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As a philosophy lover, I follow Y Combinator founder Paul Graham on Twitter mostly because of his philosophical comments and quotes related to technology. Yesterday, I saw this on my Twitter feed:
I wondered why he’s attacking enterprise software, which is the most valuable and respectable part of any software market. I looked a bit deeper and realized this isn’t new for him. In fact, Graham has clearly been haunted by enterprise software since forever. In 2007 he wrote: “Enterprise software companies aren’t technology companies, they’re sales companies, and sales depends mostly on effort,” not only denigrating the value of great enterprise software companies such as Salesforce, Oracle, and SAP but also the human skills of enterprise salespeople, insinuating they are hard workers rather than smart people.
I’ve worked in the enterprise software space for about 30 years, and it’s always been an island in the ocean of consumer software companies. In fact the only common point they have is software; their businesses are very different.
- Purchase process for a consumer (emotional, fast, unipersonal) has nothing to do with the enterprise (slow, power-based, ROI-based)
- Consumers don’t always need what they buy, while enterprises never buy if there is no pain
- Enterprise software products don’t always run on most basic consumer type laptops, Macs, or mobile, while consumer software needs to be light and portable
- Enterprise software prices are not available to the public
- Enterprise clients are almost married to their vendors and mostly loyal, while consumer software are often disposable with no dependency
- If something goes wrong with the QA during an update, the consequence is insignificant for a consumer software vendor (if online), while it could cost millions for each single client for an enterprise software company.
- Enterprise software companies solve much bigger and tougher problems and care less about UI or portability, while UI is the number one reason for success of consumer software.
Now, only as a consequence of all the above, enterprise software companies need to attract the best sales people — highly educated, experienced, smart, hard workers who are great at execution. These salespeople need to have high IQs AND high EQs at the same time, which makes them rare. You have to pay 5 to 10 times more than what you’d pay consumer software salespeople to attract these talents. So it’s not that great salespeople built crap software (to use his word) because they were good sellers and became successful. It’s the complexity of the problems enterprise software solves that required top sellers in these companies.
This is not the first time I’ve noticed that Silicon Valley veterans don’t get enterprise software. The get-rich-quick model doesn’t apply to enterprise software. Neither do some of the unethical practices that the likes of Facebook build their businesses on. They have no place in enterprise software. In the enterprise software space we don’t fake it until we make it. It’s a different world requiring different people with different culture and DNA.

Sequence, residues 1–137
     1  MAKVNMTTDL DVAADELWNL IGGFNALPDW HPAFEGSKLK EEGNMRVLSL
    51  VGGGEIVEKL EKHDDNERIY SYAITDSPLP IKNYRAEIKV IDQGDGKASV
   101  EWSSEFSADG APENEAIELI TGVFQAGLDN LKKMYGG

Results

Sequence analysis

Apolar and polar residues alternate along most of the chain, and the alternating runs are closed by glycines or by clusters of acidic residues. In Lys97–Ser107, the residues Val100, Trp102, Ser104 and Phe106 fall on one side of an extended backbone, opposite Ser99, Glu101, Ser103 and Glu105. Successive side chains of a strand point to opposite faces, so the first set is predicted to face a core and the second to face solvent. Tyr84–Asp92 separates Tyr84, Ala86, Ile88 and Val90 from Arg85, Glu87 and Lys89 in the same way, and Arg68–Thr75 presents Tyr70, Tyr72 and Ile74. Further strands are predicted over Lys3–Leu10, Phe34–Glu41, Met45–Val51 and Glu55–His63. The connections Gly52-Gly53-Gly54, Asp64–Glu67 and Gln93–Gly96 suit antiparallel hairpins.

I absolutely admire Y Combinator’s beautiful list of success stories. Unsurprisingly, however, I don’t see (m)any enterprise software companies on the list.
Silicon Valley unicorns, those that Graham’s companies dream of becoming, have a hard time entering the much coveted enterprise space. Knowing that there are high margins in enterprise, they all try to get in. Uber is right now trying to build an enterprise business entity so that executives will use Uber through an enterprise account. They have huge challenges and will learn the hard way that the enterprise world is a different place. Facebook keeps experiencing huge challenges dealing with enterprise products (Workplace by Facebook). Even Google Cloud is nowhere close to the market share the company was hoping for.
Another observation proving the lack of understanding Silicon Valley veterans have of the enterprise software market is the fact there are simply not many of great enterprise companies from the area. You’ll find just as many that started in Europe or on the East Coast. And some enterprise segments are completely absent from Silicon Valley. One of them is the PLM market (Product Lifecycle Management), worth $50 billion worldwide, which is dominated by vendors headquartered in Boston, France, Germany, or Texas. (Dassault, PTC, Siemens PLM,..). The only large player in the PLM market from Silicon Valley is Autodesk, which has never made it into the enterprise.
I’ll still follow Graham — I learn interesting things from him every now and then. That’s why I am going to finish this article with one of his lovely quotes:
“At every period of history, people have believed things that were just ridiculous, and believed them so strongly that you risked ostracism or even violence by saying otherwise. If our own time were any different, that would be remarkable. As far as I can tell it isn’t.” ― Paul Graham
Darius Lahoutifard is founder of MEDDIC Academy, an online school for enterprise sales, and was formerly an executive at Oracle and PTC.
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